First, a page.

I am like a pelican of the wilderness: I am
like an owl of the desert. I watch, and am
as a sparrow alone upon the housetop.
The pelican in scripture is unclean. It pukes dead fish
onto the hatchlings, and it roosts alone, like Satan
on the Tree of Life. Nobody told me. I liked pelicans.
I liked owls, too. I used to lie awake and listen,
wanting to become an owl, to fly, to see through darkness,
turn my head, and look straight back behind me. I was
happy, as kids go, but I did not belong in human form.
Sparrows peck grain from fresh dung. In this world rich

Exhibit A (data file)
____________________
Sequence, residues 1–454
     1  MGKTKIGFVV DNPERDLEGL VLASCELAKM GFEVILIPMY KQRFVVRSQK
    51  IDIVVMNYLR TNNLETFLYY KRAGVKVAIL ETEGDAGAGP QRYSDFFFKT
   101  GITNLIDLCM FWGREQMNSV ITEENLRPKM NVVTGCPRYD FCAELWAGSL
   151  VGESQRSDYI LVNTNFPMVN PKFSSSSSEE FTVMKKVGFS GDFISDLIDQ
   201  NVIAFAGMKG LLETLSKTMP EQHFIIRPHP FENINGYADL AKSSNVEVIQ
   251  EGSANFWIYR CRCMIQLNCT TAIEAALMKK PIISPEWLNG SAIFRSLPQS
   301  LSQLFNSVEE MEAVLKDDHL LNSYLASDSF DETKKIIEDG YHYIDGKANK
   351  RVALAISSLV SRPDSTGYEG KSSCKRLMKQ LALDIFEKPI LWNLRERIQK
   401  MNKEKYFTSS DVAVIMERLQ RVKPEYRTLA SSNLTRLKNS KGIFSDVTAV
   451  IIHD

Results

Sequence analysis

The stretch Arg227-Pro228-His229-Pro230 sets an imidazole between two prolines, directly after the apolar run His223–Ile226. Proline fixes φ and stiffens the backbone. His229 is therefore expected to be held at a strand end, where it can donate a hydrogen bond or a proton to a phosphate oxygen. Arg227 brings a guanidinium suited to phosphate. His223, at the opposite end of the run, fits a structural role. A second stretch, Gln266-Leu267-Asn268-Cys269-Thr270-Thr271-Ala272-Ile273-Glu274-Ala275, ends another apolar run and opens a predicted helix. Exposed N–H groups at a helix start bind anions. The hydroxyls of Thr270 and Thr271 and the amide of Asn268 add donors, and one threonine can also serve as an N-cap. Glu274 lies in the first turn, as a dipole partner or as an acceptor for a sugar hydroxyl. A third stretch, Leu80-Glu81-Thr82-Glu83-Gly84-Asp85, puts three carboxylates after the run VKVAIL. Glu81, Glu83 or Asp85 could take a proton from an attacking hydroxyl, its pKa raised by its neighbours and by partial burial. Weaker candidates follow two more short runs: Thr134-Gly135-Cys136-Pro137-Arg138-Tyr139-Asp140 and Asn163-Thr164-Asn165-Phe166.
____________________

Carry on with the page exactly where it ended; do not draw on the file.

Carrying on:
means filthy. Leopardi, in his high Romantic musings
on the sparrow, does not say the poet is a shitbird, just
that, singing by himself, he acts like one, and wishes
he could feel more like one, unashamed to do so. Here,
the preacher (burning in his bones with fever, puking
half-digested fish, and hooting, sleepless in the ruins
like the baleful dead) cries: O Lord, take me not away.